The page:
It’s my second day in Vilnius, and the sun has been going on and off all morning. It is currently only 11:30am but I have been out and about exploring the Church of the Holy Mother of God, a Russian Orthodox church modelled after the Hagia Sophia in Constantinople (present day: Istanbul, Turkey). Afterwards, I made my way to Užupis to see the Bernardine Cemetery there while also checking out the Užupis Angel monument. Apparently in 2000 on April Fool’s Day, the residents in Užupis cheekily declared the independence day of the Republic of Užupis, “where a dog can live as a dog”, as a social protest to the government. So, on the first anniversary, a monument was erected to celebrate the occasion. 😀
One thing that I have learned while I am in the Nordics and the Baltics is that you should be decisive and determinant when you cross the road at the pedestrian crossing. Some of the pedestrian crossings do not have any traffic lights to stop the cars, so you just need to step out and look decisive for the cars to stop for you. Once you’ve got the knack of it, you’ll be just fine! Hehehe.
This blog posting will contain more of my thoughts since I haven’t done any further touristy things since my last posting – the only incident that is worth reporting is my attempt to taste “Cepelinai“, Lithuania’s contribution to the culinary world. Cepelinai is basically a Zepellin-shaped potato dish with meat inside. I tried to get it at a local restaurant but it was sold out by the time I went there so I had to settle with chicken breast instead, after waiting for a long time just to be served. Grrrrrrr!!!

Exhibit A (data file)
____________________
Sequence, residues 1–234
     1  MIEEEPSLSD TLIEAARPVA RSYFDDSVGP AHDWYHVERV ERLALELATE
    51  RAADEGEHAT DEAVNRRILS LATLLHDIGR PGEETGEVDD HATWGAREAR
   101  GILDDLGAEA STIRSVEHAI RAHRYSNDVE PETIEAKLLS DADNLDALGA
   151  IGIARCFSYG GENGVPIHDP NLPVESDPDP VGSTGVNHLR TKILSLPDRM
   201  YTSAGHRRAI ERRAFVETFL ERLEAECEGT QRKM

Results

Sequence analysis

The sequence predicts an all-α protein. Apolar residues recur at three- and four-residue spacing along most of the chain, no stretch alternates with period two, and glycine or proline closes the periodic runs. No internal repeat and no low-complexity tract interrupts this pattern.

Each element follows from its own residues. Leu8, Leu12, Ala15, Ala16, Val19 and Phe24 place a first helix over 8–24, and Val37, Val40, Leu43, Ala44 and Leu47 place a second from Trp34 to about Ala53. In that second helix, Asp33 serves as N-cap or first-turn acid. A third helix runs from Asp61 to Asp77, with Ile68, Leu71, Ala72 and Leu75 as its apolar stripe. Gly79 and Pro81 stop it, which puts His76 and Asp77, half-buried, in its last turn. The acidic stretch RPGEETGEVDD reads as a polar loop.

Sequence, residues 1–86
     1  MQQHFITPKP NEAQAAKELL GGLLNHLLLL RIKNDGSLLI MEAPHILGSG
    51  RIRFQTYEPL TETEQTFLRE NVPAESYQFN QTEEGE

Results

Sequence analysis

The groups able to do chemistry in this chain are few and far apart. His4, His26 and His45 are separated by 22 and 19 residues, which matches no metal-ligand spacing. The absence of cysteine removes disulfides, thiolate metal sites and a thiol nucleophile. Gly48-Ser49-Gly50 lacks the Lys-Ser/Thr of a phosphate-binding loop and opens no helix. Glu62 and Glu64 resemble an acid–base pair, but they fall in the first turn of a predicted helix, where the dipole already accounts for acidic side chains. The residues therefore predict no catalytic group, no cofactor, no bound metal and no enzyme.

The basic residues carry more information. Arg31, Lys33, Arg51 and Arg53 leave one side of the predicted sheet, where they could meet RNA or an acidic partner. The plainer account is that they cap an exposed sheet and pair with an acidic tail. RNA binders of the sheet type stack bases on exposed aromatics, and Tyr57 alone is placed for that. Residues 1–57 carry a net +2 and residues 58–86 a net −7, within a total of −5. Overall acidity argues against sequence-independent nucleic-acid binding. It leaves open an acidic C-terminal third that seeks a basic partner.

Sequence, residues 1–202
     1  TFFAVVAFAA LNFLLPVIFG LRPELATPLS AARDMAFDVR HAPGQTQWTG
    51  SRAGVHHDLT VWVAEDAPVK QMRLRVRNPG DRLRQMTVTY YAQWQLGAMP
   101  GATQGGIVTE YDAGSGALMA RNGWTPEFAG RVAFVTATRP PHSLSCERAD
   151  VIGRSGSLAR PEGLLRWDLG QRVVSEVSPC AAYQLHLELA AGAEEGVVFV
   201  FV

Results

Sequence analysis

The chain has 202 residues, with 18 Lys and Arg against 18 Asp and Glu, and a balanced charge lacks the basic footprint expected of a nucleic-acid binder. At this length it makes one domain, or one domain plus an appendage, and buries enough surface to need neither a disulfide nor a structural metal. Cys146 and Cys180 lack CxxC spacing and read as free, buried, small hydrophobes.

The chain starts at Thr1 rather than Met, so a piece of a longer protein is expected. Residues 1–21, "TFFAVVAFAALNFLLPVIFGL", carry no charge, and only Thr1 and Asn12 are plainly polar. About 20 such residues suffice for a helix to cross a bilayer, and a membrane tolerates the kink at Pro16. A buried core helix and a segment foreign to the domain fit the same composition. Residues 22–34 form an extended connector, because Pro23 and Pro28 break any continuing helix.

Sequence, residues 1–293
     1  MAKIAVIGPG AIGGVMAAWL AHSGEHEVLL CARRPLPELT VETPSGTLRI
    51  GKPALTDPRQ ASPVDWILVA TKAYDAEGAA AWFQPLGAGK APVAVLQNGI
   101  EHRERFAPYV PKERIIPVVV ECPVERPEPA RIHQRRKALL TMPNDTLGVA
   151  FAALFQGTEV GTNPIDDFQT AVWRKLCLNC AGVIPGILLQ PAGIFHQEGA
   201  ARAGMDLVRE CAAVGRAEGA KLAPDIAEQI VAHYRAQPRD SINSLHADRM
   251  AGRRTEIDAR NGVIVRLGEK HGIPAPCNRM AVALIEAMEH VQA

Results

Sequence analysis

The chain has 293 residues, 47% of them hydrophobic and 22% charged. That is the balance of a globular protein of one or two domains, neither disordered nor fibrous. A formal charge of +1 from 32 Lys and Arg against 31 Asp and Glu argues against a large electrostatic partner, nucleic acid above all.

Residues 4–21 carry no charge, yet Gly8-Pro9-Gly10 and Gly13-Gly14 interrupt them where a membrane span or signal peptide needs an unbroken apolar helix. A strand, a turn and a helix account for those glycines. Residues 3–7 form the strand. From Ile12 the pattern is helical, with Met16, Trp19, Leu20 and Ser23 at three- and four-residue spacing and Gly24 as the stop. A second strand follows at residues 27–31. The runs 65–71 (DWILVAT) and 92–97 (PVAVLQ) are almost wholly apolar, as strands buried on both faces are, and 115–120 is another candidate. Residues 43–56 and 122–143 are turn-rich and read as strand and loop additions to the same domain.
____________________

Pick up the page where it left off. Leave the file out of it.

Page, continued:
I had a look at my Guide Book again today and looked at the pictures there, and it feels weird looking at the photos from a different angle since I know that I have been there and I recognised the building or the spot. It’s no longer just a picture, but a place that I have been. I know what is behind the object, or around the object, or the surroundings of the object that are not captured by the photo. In one of the caption in Riga History and Navigation Museum I read that modern-day travellers are akin to the pilgrims and story-tellers of the olden day. We visit faraway lands and carry with us the story of the wonders of our experience. We no longer have to rely on our memory and verbal ability, as we have the pictures and photographs to help us relive our experience. Instead of trinkets and exotic species, we bring souvenirs and knicknacks … How true indeed.
My closing remark for the day is a quote that I found on the Hotel’s folder – I’m staying at Mabre Residence here in Vilnius, a hotel complex that used to be a monastery but has now been converted into a 4-star hotel. The facility inside the room is pretty standard and may not really warrant a 4-star rating but again, the location is superb. The quote really reflects why I call Australia home and this may also be true for other migrants and vagabonds all around the world:
Home is not where you live, but where you feel understood.